agitated. But there can be no Reafon to have
recourfe to any divine or miraculous Power in
the Cafe ; and far lefs to fuppofe that an An-
gel came down from Heaven to trouble the
Water : feeing a MeJJenger fent down to the
Pool (who was probably an Under-officer of
the Temple) cou'd eafily agitate the Water,
by opening the Since, and letting down the
bloody Water from the Temple into it ; and
perhaps by going down himfelf afterwards into
the Pool, to trouble and mix the Waters more
forcibly. ,

M. Had the Angel's coming down from
Heaven to the Pool to give a healing Virtue
to the Waters, been a Cbriftian Miracle, it
wou'd have pad current. But fmce it is too

freat a favour to be allow'd to the wicked
ews > you turn the heavenly Angel into a com-
mon MeJJenger , and account for the Cures at
Bethefda in a natural way. I cannot but ob-
ferve here, that tho* you will not allow Mr.
W. and me to make one fingle Suppofition*
when we endeavour to explain fome of Jefus's
Miracles ; but infift rigidly upon Proof and
pofitive Evidence of what we fay : yet in this
Cafe, with the help of perhaps^ and probably?
you have form'd a Scheme that you cannot
pretend has any Foundation either in Scripture,
or Hiftory.

N. The chief Things in this Scheme (as you

call it) are undoubted Facls attefred by St.

John : and the other particulars are founded

upon thefe (or other well-known) Fac*ts ; and

I 2 naturally

1 1 6 A Conference upon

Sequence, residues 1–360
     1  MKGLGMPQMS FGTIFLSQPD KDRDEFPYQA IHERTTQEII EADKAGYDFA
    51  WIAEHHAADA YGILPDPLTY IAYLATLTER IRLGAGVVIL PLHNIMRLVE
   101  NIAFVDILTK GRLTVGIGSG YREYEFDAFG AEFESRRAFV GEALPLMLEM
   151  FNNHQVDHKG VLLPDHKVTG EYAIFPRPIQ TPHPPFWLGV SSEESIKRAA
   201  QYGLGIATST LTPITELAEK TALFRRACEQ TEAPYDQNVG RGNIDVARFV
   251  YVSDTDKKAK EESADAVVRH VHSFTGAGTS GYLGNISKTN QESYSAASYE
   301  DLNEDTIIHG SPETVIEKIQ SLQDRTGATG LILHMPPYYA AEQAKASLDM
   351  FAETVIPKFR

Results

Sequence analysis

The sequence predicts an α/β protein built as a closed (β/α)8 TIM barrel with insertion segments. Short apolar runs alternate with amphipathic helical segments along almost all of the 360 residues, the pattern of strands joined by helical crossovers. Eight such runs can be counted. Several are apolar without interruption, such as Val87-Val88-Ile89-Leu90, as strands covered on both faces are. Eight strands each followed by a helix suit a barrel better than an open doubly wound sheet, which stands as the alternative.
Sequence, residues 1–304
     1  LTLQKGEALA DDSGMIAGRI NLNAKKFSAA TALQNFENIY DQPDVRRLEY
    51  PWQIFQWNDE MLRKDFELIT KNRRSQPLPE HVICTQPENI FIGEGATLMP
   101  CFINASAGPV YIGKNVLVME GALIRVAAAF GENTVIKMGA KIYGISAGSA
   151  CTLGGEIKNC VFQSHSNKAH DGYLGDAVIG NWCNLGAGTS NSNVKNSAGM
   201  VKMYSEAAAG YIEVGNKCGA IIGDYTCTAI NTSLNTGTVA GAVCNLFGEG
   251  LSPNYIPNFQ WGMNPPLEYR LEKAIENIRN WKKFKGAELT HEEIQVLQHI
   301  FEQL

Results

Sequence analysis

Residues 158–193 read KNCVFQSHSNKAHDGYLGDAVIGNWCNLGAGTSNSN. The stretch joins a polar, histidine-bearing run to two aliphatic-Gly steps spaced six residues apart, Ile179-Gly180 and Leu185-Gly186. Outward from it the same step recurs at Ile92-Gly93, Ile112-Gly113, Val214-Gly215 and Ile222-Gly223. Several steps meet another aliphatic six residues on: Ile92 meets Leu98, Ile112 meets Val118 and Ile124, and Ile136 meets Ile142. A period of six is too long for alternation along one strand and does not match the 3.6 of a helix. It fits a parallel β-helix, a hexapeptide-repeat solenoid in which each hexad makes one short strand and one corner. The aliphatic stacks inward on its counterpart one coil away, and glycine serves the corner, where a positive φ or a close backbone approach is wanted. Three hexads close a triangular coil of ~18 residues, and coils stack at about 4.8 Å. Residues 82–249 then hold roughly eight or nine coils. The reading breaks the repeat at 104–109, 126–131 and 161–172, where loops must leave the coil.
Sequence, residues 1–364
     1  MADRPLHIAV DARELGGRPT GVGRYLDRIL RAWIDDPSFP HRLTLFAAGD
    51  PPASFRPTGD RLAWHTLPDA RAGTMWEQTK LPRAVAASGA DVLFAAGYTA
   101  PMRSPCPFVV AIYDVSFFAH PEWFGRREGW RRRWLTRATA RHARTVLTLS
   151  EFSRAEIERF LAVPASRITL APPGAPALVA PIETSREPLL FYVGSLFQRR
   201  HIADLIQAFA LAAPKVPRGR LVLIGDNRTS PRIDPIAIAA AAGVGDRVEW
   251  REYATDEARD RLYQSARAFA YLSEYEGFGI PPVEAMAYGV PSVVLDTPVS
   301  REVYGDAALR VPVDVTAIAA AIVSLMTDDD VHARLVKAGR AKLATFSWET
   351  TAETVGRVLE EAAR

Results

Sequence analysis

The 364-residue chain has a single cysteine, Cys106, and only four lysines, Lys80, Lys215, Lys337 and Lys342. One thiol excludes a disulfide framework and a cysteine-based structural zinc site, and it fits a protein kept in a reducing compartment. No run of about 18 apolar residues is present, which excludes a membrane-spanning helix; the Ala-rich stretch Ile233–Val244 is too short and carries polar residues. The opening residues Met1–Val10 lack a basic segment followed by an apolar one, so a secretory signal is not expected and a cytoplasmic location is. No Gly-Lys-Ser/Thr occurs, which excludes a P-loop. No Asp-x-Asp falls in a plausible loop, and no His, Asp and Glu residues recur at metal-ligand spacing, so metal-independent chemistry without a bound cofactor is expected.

SECT. III. naturally arife from them. St. John tells us
v *-"V^- y that the Pool of Betbefda was at (e, in) Jeru-
falem , and therefore it cou'd not be far from
the Temple. (By * fome it was fuppos'd to be
fo near, that the Sacrifices after they were kil-
led were wafh't in the Pool ; and then deli-
ver'd to the Priefts.) He fays that the Water
of this Pool had a healing Virtue only when it
was troubled, or moved : that, in order to this,
, a Mejenger came down to move the Waters r
and then whofoever of the difeafed flept firft
into the Water, was cured of his Illnefs. So
far we have St. John's Teilimony. Now fince
there were vail Numbers of Sacrifices offer'd
in the Temple at all the great Feajls of the
Jews -, there muft have been fome large Re-
ceptacle for the Blood of thefe Sacrifices -, and
for Water enough to walh them in : and like-
wife fome Conveyance or other to carry off
this bloody Water, as often as there was oo
cafion. The chief thing that I fuppofe, and
cannot dire&ly prove, is, that there was a Chart*
. nel of Communication betwixt the 'Temple and
the Pool, by which the bloody Water was at
proper times let down from the Temple into
it , and a Sluce to flop it from flowing in con-
flan tly, in fmall Quantity s, and with little
force. And even this cannot be reckon'd a